Product life cycle

Development stage of a product life cycle

Product development is the first stage of the product life cycle - only beginning when you have found and started to develop a new idea.

You may be an inventor who has already come up with a new product or service idea, and are ready to bring that idea to market. However, if you are a business that needs some help to regularly develop new ideas, you might want to partner with innovators, designers, university researchers or manufacturers to develop your ideas generation processes. Then you can work as a team to develop the idea.

Read our guide on support networks and facilities for innovation and R&D.

At the development stage of the product life cycle, you should ensure that your idea will meet:

  • potential customer expectations
  • design, resource and manufacturing requirements
  • the strategy outlined in your business plan

You should plan for all the potential outcomes and risks in advance so you can analyse what is involved in the process. At this stage you should not be concerned about sales or introducing the product. Your main focus should be on working with a team of designers, manufacturers or product development experts on:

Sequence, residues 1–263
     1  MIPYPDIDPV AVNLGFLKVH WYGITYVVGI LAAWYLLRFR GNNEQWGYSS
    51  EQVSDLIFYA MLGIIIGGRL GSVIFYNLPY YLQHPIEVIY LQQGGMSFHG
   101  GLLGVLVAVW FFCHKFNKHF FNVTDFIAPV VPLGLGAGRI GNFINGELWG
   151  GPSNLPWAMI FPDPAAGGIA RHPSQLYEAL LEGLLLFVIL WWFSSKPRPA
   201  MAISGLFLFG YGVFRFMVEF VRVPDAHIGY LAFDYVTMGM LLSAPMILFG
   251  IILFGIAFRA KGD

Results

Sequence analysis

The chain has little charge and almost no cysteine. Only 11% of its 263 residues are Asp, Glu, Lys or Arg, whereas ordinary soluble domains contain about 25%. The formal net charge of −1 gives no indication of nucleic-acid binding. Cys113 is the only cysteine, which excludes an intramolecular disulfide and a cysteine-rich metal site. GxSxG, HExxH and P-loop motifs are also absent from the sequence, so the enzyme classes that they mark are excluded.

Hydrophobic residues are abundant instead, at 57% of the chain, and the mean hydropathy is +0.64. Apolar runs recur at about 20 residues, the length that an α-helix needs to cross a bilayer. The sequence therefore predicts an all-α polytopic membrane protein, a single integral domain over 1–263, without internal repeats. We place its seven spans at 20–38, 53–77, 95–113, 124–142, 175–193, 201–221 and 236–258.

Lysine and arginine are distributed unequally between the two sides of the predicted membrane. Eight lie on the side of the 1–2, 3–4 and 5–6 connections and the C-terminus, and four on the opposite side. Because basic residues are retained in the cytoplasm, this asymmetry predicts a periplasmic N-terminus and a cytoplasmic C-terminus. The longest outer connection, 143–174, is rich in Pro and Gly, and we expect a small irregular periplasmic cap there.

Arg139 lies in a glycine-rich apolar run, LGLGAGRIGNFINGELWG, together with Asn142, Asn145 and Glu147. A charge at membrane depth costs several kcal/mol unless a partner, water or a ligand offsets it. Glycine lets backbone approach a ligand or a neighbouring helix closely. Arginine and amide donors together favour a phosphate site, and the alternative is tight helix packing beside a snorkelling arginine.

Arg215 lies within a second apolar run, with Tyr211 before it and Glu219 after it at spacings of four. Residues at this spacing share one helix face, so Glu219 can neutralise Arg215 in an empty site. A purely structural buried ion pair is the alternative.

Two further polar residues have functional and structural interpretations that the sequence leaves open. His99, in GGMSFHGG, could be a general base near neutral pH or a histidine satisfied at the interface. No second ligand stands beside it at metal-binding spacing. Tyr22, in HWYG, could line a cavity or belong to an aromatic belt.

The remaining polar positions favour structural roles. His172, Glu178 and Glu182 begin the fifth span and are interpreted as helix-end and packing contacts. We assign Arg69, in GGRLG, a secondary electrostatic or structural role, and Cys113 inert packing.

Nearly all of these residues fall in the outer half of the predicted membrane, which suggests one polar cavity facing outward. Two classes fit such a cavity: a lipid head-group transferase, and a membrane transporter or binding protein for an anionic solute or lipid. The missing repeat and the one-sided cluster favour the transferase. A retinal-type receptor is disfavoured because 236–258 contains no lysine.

• producing prototypes
  • testing prototyped product
  • sourcing and pricing materials
  • intellectual property issues

To further develop your product, you should:

  • consult team members on development plans
  • speak to suppliers and other business associates
  • communicate with customers about your plans
  • consider the environmental impacts of your product
  • ask a group of potential customers to test your product and give feedback - you can use this to develop the product and, later in the product's life cycle, to market it

When developing your product or service you need to establish the level of quality you are aiming for, and how many different versions you want to develop to generate interest at launch.

You should also ensure that all intellectual property rights - eg patents and trademarks - are obtained before you launch the product or service. Doing this protects you from other competitors copying the idea and hurrying through an alternative.

How you plan to distribute and sell your product may also determine how it is developed. For instance, if you plan to sell online, it may well be worth designing the product and its packaging so that it is small enough to fit through a customer's letterbox, so that customers don't miss out on deliveries when not at home.

Subjects covered in this guide

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Developed with:
Design Council